Wisdom teeth (Third molars)

In the late teenage years, third molars erupt and the lower front teeth gradually increase in irregularity.

In the past, it was thought that pressure exerted by the third molars caused the increase in irregularity. However recent studies suggest the two events are unrelated.

In fact, it is normal for your front teeth to become more irregular as you grow older - whether you have third molars or not!

Now days, third molars are not removed as a matter of routine.

Your orthodontist can advise you about the status of your third molars.  Usually an x-ray is required for a full evaluation of your particular case.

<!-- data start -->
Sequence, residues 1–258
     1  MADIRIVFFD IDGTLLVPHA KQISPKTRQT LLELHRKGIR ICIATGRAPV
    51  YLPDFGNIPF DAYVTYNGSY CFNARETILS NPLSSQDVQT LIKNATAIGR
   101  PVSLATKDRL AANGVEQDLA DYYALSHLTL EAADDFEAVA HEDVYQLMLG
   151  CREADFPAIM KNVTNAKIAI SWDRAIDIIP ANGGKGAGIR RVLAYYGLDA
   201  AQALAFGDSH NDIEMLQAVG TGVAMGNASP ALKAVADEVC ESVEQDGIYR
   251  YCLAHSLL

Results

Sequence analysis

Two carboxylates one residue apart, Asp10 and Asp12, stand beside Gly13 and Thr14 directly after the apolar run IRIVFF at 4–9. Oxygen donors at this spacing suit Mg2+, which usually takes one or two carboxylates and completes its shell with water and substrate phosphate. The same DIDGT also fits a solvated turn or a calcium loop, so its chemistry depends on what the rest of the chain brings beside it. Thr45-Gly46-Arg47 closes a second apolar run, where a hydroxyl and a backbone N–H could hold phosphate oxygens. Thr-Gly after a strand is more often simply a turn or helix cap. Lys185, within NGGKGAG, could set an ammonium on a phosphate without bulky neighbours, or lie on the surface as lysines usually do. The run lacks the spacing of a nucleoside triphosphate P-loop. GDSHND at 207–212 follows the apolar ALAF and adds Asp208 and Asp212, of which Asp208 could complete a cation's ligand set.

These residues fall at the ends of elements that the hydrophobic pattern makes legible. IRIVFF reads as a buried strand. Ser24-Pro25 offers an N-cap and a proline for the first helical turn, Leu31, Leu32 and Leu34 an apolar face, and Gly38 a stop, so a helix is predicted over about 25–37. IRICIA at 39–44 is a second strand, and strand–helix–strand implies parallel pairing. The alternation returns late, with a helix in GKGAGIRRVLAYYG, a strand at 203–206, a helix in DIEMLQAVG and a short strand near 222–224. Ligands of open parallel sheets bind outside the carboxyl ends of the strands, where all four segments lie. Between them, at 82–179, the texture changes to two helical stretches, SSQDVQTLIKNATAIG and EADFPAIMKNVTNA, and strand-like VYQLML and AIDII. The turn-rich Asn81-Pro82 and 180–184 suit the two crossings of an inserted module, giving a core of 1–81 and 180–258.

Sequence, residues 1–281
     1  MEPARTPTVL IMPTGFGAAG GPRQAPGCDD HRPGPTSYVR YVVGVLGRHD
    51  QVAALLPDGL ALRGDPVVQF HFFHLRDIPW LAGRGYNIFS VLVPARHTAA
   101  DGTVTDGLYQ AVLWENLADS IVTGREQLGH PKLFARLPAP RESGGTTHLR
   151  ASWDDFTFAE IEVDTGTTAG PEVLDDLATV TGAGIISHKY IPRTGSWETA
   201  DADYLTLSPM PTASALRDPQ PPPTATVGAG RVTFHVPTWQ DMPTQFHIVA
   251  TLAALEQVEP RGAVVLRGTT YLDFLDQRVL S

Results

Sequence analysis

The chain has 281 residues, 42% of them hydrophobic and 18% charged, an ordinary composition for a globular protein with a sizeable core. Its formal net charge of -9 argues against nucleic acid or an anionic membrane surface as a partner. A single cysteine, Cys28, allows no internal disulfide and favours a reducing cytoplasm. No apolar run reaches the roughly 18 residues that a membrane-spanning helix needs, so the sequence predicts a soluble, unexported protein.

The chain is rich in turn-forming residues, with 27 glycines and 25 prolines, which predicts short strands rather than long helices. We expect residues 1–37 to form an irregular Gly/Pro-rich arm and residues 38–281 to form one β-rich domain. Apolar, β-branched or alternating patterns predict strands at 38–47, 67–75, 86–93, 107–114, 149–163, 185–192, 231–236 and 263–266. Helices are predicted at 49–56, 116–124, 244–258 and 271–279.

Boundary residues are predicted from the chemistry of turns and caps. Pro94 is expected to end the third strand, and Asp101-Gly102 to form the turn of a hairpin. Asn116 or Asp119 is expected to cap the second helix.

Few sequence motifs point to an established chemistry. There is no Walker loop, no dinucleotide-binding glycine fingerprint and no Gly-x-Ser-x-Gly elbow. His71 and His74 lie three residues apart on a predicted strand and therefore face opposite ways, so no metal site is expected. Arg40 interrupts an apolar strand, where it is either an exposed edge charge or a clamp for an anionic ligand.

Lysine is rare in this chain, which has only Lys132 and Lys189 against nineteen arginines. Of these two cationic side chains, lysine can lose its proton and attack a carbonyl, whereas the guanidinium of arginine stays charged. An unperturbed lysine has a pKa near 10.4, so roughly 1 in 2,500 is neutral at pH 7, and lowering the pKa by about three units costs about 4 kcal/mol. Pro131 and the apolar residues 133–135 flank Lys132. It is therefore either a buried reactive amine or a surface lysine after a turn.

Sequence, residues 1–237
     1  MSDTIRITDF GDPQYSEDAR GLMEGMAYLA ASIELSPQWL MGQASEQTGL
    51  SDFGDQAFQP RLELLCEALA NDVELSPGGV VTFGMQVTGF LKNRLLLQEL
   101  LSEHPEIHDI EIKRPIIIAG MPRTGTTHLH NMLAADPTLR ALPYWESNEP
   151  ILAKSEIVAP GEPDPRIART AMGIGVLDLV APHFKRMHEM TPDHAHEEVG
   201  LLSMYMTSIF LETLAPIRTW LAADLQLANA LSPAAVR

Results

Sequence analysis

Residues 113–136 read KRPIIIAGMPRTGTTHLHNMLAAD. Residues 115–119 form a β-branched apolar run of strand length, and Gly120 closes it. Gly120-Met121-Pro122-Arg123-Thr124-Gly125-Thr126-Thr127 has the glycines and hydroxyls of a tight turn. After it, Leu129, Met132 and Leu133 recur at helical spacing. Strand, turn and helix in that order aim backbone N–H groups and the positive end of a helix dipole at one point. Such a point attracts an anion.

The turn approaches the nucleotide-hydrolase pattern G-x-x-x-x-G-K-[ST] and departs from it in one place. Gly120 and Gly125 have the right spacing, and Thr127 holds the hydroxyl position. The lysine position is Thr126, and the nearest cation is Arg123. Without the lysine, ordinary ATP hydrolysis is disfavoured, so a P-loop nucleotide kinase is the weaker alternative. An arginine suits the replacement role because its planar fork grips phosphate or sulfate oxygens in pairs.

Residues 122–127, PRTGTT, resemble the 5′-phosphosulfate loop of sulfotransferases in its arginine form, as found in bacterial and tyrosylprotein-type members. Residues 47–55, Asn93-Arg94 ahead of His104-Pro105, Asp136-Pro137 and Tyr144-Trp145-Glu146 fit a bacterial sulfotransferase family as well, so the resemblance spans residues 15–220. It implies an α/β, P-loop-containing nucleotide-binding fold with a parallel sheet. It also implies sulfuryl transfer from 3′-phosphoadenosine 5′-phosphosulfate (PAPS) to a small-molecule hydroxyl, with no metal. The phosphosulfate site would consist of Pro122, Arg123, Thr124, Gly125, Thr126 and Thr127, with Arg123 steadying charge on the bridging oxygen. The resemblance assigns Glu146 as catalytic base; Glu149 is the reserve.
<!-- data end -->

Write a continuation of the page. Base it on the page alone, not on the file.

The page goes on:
General rules for the management of third molars

If a third molar fully erupts into a functional position where it can be kept clean and healthy, then the tooth should be retained.

If a third molar partly erupts, but lacks space to fully erupt, a local gum problem usually develops. Episodes of acute gum infection are common, particularly when resistance is low. The tooth should be removed.

If a third molar does not erupt, it may be left where it is.  Generally, there is little risk associated with leaving it alone and little risk associated with removing it.

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